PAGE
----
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Buser J.R.,University of Washington | Diesburg S.,PATH The Program for Appropriate Technology in Healthcare | Singleton J.,PATH The Program for Appropriate Technology in Healthcare | Guelig D.,PATH The Program for Appropriate Technology in Healthcare | And 6 more authors.
Lab on a Chip - Miniaturisation for Chemistry and Biology | Year: 2015

Decoupling nucleic acid amplification assays from infrastructure requirements such as grid electricity is critical for providing effective diagnosis and treatment at the point of care in low-resource settings. Here, we outline a complete strategy for the design of electricity-free precision heaters compatible with medical diagnostic applications requiring isothermal conditions, including nucleic acid amplification and lysis. Low-cost, highly energy dense components with better end-of-life disposal options than conventional batteries are proposed as an alternative to conventional heating methods to satisfy the unique needs of point of care use. © The Royal Society of Chemistry.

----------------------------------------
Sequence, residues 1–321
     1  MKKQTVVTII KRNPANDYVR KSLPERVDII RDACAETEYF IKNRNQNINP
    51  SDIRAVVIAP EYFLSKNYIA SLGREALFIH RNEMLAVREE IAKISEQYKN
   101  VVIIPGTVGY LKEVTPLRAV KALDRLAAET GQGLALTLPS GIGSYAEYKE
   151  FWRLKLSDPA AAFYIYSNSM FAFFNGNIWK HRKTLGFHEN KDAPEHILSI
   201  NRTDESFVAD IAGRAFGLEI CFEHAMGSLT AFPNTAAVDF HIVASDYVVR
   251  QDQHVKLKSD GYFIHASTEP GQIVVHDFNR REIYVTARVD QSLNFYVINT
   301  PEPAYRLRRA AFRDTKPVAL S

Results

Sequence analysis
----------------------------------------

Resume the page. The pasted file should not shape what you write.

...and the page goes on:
PubMed | PATH The Program for Appropriate Technology in Healthcare and University of Washington
Type: Journal Article | Journal: Lab on a chip | Year: 2015

Decoupling nucleic acid amplification assays from infrastructure requirements such as grid electricity is critical for providing effective diagnosis and treatment at the point of care in low-resource settings. Here, we outline a complete strategy for the design of electricity-free precision heaters compatible with medical diagnostic applications requiring isothermal conditions, including nucleic acid amplification and lysis. Low-cost, highly energy dense components with better end-of-life disposal options than conventional batteries are proposed as an alternative to conventional heating methods to satisfy the unique needs of point of care use.

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